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Equifax Agrees to Pay up to $700 Million to Settle Data Breach Case

Equifax has agreed to settle its federal data breach case for a minimum of $575 million. The settlement will potentially rise to $700 million and also requires considerable improvements to be made to enhance security and better protect consumer data.

In 2017, Equifax experienced a colossal data breach in which the personal data of 147 million Americans was compromised. Names, dates of birth, addresses, and Social Security numbers were potentially stolen in the attack and the breach victims now have to face an elevated risk of suffering identity theft and fraud.

Equifax announced the breach in September 2017. In the two years that followed, Equifax has been called before Congress on multiple occasions to explain how the breach occurred and how the response was being handled. Regulators also investigated Equifax to determine whether reasonable and appropriate security measures had been implemented to protect the vast amounts of consumer data that was stored on its network.

The Federal Trade Commission (FTC) determined there had been security failures at Equifax that left the door open to hackers. FTC chairman Joe Simons said, “Equifax failed to take basic steps that may have prevented the breach.” A financial penalty was therefore appropriate.

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Under the terms of the settlement, Equifax has committed to pay up to $700 million and is required to implement a much stronger cybersecurity program. The company must undergo annual security audits and submit to external data security audits every two years. Any third party that is provided with access to Equifax’s consumer data must also be vetted to ensure they also have appropriate data security measures in place.

The settlement includes a $300 million fund to provide monetary relief to victims of the breach. The fund will be used for credit monitoring services and to cover victims’ out of pocket expenses that have arisen from the breach. A further $125 million must be added to the fund if the $300 million is not sufficient to cover all of the claims. Claims have been capped at $20,000 per person.

The Consumer Financial Protection Bureau (CFPB) will receive $100 million in civil penalties and $175 million will be split between the 48 states, Washington D.C., and Puerto Rico. From 2020, Equifax must provide consumers with 6 free credit reports a year for the next 7 years, in addition to the three years already provided.

The settlement is certainly sizeable, but there has been considerable criticism of the level of the fine. Many believe the penalty is not nearly severe enough for a publicly traded company the size of Equifax, especially considering the breach exposed the data of almost half of all Americans.

“This settlement does not come close to making consumers whole and, once again, shows the limitations on the FTC’s ability to seek strong penalties and effective redress for consumers,” said Rep. Frank Pallone, (D-N.J), Chairman of the House Energy and Commerce Committee. “It also shows that we need a comprehensive data privacy and security law to ensure companies are designing their systems to protect consumer privacy from the start, minimizing the personal information they keep, and are held appropriately accountable if they fail.”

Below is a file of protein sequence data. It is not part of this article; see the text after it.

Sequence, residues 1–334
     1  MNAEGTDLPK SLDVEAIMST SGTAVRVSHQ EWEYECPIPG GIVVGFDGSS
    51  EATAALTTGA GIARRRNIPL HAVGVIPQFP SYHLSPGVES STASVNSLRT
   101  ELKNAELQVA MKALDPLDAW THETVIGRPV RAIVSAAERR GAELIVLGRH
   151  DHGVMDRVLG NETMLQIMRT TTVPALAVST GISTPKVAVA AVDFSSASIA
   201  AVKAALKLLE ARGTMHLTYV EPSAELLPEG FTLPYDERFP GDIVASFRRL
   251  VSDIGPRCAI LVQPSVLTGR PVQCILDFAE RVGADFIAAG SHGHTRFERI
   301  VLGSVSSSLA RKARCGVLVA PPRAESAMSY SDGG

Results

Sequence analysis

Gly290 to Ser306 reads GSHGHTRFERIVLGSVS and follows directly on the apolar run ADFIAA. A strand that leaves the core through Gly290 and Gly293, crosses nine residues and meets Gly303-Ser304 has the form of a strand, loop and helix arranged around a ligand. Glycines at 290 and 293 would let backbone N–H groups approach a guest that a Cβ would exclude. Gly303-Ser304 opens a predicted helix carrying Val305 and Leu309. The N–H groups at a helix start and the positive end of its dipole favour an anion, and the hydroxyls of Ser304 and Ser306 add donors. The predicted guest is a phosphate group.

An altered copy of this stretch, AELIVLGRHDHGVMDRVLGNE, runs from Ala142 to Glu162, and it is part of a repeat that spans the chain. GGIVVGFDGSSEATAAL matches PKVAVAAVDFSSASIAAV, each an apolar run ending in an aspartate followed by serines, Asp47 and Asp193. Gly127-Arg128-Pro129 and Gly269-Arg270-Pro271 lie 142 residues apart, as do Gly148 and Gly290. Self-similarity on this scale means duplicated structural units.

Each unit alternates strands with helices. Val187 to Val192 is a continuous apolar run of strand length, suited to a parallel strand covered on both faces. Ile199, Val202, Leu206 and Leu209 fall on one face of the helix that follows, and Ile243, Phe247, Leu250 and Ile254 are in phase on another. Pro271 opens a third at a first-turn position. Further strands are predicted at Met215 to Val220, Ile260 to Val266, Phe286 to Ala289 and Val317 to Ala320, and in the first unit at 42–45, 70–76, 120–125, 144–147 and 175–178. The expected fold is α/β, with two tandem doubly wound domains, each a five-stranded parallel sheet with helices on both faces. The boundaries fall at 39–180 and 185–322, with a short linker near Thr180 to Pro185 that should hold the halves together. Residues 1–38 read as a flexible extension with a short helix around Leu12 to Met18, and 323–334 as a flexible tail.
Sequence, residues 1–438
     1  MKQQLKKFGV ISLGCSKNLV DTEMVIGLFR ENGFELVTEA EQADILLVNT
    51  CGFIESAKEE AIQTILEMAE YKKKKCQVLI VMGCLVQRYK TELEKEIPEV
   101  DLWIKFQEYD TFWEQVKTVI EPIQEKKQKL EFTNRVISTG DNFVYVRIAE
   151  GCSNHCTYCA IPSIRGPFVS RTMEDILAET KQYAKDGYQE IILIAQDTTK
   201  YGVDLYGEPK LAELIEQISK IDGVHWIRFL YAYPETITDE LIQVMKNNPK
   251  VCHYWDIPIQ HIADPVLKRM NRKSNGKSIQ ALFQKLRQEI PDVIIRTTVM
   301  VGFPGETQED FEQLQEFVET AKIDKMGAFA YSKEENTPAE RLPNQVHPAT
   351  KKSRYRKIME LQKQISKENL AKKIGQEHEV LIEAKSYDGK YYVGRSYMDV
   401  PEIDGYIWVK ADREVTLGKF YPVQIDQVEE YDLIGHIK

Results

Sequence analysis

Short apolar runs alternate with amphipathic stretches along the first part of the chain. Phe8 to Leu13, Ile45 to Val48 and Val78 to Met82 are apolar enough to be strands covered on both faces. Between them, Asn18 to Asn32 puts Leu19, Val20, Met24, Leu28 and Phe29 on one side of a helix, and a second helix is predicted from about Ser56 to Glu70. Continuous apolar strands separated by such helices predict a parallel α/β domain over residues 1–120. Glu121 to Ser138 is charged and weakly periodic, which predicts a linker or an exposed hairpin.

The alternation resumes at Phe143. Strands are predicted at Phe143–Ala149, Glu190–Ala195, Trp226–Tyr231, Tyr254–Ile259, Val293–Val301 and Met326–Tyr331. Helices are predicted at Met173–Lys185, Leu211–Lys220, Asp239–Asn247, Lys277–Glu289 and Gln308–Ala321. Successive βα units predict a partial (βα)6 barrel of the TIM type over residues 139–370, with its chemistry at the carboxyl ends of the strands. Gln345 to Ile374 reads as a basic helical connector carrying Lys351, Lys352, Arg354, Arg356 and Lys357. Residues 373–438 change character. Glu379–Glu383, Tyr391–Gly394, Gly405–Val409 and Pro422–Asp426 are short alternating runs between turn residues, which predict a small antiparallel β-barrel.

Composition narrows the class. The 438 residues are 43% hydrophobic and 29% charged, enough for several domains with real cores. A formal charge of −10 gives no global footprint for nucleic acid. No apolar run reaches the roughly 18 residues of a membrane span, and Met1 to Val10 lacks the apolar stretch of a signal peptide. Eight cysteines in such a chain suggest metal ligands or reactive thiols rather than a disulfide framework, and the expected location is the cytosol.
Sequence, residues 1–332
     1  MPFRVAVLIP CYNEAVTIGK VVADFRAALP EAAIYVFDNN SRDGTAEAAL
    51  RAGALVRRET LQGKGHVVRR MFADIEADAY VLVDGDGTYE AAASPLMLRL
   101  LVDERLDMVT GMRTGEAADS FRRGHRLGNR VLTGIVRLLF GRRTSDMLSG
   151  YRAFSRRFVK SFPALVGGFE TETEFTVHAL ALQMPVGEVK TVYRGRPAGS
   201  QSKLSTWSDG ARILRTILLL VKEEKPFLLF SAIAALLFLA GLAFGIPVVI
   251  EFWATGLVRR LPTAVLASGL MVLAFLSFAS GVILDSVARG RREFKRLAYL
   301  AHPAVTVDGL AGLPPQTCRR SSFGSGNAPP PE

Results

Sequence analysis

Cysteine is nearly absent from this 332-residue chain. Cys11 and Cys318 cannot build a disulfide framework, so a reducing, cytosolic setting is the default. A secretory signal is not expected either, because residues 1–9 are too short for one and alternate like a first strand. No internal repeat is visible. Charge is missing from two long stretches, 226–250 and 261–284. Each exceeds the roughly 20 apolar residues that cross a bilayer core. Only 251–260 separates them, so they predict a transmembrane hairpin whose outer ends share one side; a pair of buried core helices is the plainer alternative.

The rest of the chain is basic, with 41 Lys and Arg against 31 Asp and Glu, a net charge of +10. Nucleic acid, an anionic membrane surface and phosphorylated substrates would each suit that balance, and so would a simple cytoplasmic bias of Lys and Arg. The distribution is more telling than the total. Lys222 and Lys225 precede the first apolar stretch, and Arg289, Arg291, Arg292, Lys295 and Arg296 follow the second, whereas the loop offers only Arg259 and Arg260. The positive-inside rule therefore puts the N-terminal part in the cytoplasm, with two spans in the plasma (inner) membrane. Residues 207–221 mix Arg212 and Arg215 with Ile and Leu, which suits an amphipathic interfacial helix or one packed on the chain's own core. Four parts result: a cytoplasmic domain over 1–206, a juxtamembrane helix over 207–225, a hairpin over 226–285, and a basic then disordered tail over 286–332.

“We don’t have a general privacy legislation like the GDPR in Europe. Our authority is actually pretty limited in privacy,” said FTC Chairman Joseph Simons. “We can’t go out and tell companies, ‘You can’t collect this, you can’t use it this way, you can’t use it that way.”

Equifax is pleased to have finally resolved the case. Equifax CEO Mark Begor said the settlement is a positive step for U.S. consumers and Equifax. “The consumer fund of up to $425 million that we are announcing today reinforces our commitment to putting consumers first and safeguarding their data — and reflects the seriousness with which we take this matter.”

In addition to the $700 million settlement, Equifax was fined £500,000 by the UK Information Commissioner’s Office – The maximum fine permitted prior to the introduction of GDPR. Had the breach occurred a year later, the fine could have been as high as 4% of the company’s global annual turnover.

Equifax announced in May 2019 that so far the company has spent $1.4 billion remediating the breach, updating its computer systems, and strengthening security.

Author: Steve Alder is the editor-in-chief of HIPAA Journal. Steve is responsible for editorial policy regarding the topics covered on HIPAA Journal. He is a specialist on healthcare industry legal and regulatory affairs, and has several years of experience writing about HIPAA and other related legal topics. Steve has developed a deep understanding of regulatory issues surrounding the use of information technology in the healthcare industry and has written hundreds of articles on HIPAA-related topics.